Namibia Chamber of Commerce and Industry (NCCI) boss Tarah Shaanika has cautioned Finance Minister Calle Schlettwein against destroying the private sector after the latter sternly warned businesses that he would take the legal route if they fail to meet the tax amnesty deadline end of this month as government fails to recover N$4 billion worth of tax.
Companies owe government a total of $19 billion dollars in accrued tax (interest and penalties included) and as a means to fast track tax revenue recovery, GRN announced that it would cut off penalties and interest leaving companies with having to pay only N$4 billion. “Taxpayers with assessed arrears were offered a respite for a write-off of 80% of combined interest and penalties and the settlement of the principal and 20 percent interest amounts over a period of six months,” said the minister.
With the deadline of 31 July now almost up, and government having only managed to ﬁsh out a paltry N$242.78 million, Calle said he will be forced to attach asserts of the indebted companies. He said the situation was unfair for government which often comes under “unrelenting” ﬁ re from the private sector with demands that it meets its contractual obligations.
Speaking on the current state of the economy, Calle said, “There is a worry that tax payers are not embracing the tax amnesty. Tax liability will increase; the tax man will be forced to take legal action which can be very rough.”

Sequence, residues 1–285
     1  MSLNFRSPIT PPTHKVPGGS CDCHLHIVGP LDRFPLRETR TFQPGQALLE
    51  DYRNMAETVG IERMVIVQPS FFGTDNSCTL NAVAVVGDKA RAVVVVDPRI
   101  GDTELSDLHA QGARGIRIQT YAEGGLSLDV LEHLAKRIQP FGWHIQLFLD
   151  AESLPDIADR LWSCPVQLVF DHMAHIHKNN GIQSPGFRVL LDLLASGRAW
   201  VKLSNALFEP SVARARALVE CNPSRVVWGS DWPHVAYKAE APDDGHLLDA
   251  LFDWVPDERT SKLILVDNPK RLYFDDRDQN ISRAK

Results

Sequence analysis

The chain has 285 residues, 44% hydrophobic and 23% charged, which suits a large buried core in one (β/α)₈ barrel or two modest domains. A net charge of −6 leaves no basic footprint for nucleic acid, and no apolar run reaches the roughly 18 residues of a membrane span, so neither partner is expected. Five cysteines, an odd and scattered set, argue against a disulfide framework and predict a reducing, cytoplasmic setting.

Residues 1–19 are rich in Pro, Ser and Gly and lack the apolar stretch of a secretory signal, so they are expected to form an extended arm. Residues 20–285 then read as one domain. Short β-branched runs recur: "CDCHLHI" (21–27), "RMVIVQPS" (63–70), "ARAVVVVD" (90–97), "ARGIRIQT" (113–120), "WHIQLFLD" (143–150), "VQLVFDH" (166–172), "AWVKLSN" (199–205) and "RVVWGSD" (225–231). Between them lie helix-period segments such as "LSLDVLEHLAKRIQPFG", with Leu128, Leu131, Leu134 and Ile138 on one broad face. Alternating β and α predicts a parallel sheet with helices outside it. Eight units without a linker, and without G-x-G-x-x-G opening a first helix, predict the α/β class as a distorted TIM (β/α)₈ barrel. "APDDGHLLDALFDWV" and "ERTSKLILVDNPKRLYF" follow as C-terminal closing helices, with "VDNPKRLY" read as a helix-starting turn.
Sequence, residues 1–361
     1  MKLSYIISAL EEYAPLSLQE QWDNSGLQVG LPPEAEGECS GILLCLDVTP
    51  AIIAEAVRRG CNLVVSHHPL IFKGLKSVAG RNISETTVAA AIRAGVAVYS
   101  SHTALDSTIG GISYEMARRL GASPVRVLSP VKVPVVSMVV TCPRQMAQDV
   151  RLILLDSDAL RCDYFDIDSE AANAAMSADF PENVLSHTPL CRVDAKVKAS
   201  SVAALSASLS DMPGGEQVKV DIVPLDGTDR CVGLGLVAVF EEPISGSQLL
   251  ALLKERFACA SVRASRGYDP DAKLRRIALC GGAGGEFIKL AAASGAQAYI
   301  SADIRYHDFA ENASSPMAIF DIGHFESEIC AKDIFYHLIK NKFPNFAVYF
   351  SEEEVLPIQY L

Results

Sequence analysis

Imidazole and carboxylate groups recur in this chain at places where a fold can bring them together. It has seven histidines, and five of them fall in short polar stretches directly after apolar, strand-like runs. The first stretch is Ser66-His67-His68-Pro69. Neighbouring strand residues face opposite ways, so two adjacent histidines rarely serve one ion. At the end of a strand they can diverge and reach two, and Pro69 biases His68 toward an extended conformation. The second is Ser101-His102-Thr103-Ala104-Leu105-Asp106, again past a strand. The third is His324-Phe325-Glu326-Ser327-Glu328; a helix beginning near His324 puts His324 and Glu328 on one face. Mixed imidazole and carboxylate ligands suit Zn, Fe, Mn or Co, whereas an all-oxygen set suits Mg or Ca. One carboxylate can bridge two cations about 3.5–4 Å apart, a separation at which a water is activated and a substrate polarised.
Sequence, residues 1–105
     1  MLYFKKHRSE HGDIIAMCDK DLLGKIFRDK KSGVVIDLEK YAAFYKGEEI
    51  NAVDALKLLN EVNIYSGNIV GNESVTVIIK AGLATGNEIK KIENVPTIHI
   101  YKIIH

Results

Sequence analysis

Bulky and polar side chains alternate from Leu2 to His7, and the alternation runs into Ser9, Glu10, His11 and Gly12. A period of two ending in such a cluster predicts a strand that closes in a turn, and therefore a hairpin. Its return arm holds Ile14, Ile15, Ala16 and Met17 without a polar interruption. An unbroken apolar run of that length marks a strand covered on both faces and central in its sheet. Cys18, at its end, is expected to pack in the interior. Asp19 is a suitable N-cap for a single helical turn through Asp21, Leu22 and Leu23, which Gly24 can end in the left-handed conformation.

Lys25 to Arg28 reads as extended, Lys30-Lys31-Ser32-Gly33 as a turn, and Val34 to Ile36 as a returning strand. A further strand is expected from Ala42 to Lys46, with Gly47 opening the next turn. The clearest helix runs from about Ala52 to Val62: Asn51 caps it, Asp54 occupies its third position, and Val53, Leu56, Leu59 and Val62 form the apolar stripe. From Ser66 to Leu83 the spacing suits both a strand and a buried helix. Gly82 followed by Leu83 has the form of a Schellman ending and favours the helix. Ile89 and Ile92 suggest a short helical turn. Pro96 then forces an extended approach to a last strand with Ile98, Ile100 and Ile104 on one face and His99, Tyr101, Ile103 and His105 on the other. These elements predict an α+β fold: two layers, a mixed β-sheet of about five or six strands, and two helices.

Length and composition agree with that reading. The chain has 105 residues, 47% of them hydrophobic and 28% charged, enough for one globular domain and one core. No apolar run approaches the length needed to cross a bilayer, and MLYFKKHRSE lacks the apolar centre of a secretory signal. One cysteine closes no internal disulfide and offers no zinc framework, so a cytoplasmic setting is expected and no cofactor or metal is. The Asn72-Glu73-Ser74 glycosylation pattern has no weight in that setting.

However, Shaanika has warned that such threats and drastic action will only save to collapse the private sector which is also reeling from the effects of recession. “The issues that came to our attention as we began encouraging the private sector to pay were that some small businesses were not aware that they owe that kind of money.
Many of them had not made an effort to go and ﬁnd out from the ministry. We have received some complaints that those that wanted to inquire from the ministry were somehow discouraged by the queues that were there,” he exclusively told
The Villager. In a move to save companies from having to shut down due to such drastic measures, the Namibia Chamber of Commerce and Industry (NCCI) has also chipped in by pleading with the Finance Ministry to extend the deadline of 31 July.
“There are a lot of businesses that are experiencing a whole lot of general ﬁ nancial squeeze in the economy. There are many businesses that are owed money for services delivered to the government which has impacted on their cash ﬂ ow. Some of them even collapsed or went bankrupt due to their size. There is no way that the taxman can ever recover such an amount from such companies,” he said.
Shaanika further said the reasons behind this non-compliance to the amnesty are thus not deliberate and if they are to be coerced via legal action, they risk collapsing. “I think the private sector is interested to pay whatever they owe the taxman, the only challenge is that some of the companies owe so much money that if they attempt to pay the full capital amount plus the 20% on interest, they will collapse.
They can’t do that at once, so we need to approach this matter carefully so that our desire to collect as much money as possible in tax revenue does not result in shrinking the economy by killing some of the businesses,” he said.
Shaanika said the NCCI wants to engage with government, particularly the Minister of Finance in a dialogue so that both can discuss the best way forward in a manner that allows the state to continue having steady ﬂows of income in tax revenue. However, as GRN struggles to recover the N$4 billion, Shaanika said it does not mean that the country is doing badly as far as tax revenue collection is concerned, when compared to other African economies.